Two hundred years ago, your role in life largely depended on the village where you were born and the vocations of your parents.
With the Industrial Revolution came the idea that you might have more choice in your lifelong career, although still heavily influenced by your family’s social status.
Nobody is sure exactly what the model is for the 21st century, but it’s a mixture of taking initiative, investment in your skills and education, finding a path to self-fulfillment, and being flexible as the world changes ever more rapidly.
As you travel your particular career path, it’s becoming much more common for there to be key turning points. I have a friend, about 40, who is in the midst of education for a new medical career. Many people, including myself, have been seriously re-examining the whole concept of retirement because we’re not particularly inspired about working full-time on one day and then doing no work from that point forward.
There are more minor examples as well, including taking a promotion from technical work into management. Or migrating from one role into another, even working for the same company.
It’s been said that the average new worker will have perhaps five careers during his lifetime. It’s not clear what the word “career” might mean in this new world, but the concept is extremely valuable: Don’t expect to be doing the same work your entire life.
When you understand that statement, you realize that there are going to be times where you need to “reboot” your career. These will be large events, like getting married, buying your first house, or having your children leave home.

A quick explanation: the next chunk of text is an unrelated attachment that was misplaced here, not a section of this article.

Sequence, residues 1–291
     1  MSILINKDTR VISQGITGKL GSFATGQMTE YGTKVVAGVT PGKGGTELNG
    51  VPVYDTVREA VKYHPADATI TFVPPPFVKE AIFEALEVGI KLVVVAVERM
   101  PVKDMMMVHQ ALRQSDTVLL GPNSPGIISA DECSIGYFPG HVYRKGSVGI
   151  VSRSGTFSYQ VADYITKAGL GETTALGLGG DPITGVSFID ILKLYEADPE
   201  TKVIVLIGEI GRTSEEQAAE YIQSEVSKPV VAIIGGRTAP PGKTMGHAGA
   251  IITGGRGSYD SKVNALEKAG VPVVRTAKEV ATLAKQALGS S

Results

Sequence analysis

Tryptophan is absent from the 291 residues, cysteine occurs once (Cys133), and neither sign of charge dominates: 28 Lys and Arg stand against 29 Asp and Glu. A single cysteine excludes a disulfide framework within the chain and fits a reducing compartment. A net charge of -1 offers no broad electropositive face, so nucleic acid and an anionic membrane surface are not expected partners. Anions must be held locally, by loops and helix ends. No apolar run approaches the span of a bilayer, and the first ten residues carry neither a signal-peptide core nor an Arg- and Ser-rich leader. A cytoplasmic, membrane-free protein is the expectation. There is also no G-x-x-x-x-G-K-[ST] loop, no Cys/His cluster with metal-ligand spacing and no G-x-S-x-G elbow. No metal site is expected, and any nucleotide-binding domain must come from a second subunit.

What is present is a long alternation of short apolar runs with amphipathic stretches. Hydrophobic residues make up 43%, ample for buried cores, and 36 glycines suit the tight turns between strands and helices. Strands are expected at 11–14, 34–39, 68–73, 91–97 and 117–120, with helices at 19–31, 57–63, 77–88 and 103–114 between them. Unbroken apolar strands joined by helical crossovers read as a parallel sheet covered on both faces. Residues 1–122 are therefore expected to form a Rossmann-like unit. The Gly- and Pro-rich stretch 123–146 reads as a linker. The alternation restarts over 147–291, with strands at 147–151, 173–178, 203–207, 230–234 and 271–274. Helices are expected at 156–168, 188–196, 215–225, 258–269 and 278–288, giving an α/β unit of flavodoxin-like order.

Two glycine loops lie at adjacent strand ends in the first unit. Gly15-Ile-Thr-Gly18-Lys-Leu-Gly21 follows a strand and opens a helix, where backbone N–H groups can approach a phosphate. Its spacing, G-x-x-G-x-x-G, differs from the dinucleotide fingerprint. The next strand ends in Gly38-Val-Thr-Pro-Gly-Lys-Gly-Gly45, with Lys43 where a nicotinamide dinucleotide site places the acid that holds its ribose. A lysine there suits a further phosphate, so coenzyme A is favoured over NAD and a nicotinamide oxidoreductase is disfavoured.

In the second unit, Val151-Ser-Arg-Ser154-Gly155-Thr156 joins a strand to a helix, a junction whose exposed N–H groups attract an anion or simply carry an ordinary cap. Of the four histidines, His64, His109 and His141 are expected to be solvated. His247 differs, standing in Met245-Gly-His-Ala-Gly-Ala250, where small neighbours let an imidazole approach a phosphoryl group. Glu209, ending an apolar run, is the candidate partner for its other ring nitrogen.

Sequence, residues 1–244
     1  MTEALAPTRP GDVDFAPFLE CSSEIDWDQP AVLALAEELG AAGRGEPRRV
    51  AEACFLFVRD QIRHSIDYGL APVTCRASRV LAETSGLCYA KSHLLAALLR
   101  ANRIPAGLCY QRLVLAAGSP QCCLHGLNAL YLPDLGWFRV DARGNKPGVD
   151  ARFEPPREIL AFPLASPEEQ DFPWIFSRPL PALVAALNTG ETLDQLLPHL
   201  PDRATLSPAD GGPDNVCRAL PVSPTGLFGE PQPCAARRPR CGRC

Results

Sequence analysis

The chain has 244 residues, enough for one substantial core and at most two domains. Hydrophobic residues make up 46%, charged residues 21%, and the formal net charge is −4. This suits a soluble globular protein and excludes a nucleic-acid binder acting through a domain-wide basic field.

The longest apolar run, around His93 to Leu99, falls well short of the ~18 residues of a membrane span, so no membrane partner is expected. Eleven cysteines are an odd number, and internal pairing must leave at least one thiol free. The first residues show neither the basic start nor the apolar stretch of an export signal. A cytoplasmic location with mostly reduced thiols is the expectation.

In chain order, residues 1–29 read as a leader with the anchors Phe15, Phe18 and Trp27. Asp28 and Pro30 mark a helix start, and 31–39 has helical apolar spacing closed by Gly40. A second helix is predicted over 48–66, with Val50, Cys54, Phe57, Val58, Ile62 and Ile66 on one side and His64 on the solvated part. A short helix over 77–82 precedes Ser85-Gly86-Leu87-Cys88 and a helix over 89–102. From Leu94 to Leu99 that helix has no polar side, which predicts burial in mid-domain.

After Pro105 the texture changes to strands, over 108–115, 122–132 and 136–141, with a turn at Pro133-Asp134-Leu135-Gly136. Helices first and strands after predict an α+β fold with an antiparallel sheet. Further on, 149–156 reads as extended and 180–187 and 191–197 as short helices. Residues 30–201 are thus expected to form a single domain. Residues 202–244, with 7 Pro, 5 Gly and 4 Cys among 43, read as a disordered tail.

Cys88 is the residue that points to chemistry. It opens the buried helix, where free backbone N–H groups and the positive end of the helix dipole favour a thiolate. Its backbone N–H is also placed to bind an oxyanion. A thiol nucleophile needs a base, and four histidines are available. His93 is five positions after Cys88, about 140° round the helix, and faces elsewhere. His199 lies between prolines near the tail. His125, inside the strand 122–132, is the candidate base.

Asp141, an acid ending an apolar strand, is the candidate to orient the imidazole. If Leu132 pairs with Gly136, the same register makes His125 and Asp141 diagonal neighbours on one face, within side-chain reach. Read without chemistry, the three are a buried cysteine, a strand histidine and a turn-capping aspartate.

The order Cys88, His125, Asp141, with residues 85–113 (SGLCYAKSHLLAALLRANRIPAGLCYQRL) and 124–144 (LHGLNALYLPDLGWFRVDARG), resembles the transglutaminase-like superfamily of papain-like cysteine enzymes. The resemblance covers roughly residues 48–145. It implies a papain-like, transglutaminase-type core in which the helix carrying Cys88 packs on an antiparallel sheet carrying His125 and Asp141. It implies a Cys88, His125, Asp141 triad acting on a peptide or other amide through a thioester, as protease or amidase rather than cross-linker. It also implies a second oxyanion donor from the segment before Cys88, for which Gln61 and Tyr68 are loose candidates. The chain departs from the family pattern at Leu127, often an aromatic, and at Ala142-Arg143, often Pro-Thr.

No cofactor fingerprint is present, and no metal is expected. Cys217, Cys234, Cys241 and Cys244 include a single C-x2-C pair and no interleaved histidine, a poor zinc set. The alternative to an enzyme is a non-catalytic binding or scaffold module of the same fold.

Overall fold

Each of those has a preparation phase, though. You don’t just go out on some random day and decide to buy your first house. You spend a lot of time saving money, learning about the market, and trying to internalize what it means to become a homeowner rather than a renter. Despite that, many still feel unprepared, but the preparation is key.
If you expect you’re going to reboot into a different career sometime in the next few years, you need to invest in similar things:
- Learn about the new career. Would you find it interesting and rewarding?
- Become ready for the career. Get the education, network with the right people, figure out how you have to change.
- Check out the market. What does it take to enter? Do you understand the risks and rewards?
- Figure out the right timing. This affects your family, your social circles, your growth potential, and your freedom to do other things – so timing is often a critical issue.
It’s a challenge to make career changes, but the time spent planning can reduce the anxiety.
What do you think your next reboot might be?
by Carl Dierschow